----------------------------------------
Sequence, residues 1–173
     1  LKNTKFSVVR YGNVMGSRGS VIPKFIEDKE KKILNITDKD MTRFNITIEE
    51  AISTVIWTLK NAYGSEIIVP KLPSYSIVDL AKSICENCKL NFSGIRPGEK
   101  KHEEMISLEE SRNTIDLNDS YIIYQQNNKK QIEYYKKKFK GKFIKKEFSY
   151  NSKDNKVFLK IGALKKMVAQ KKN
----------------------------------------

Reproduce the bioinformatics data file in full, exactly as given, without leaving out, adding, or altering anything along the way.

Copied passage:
Sequence, residues 1–173
     1  LKNTKFSVVR YGNVMGSRGS VIPKFIEDKE KKILNITDKD MTRFNITIEE
    51  AISTVIWTLK NAYGSEIIVP KLPSYSIVDL AKSICENCKL NFSGIRPGEK
   101  KHEEMISLEE SRNTIDLNDS YIIYQQNNKK QIEYYKKKFK GKFIKKEFSY
   151  NSKDNKVFLK IGALKKMVAQ KKN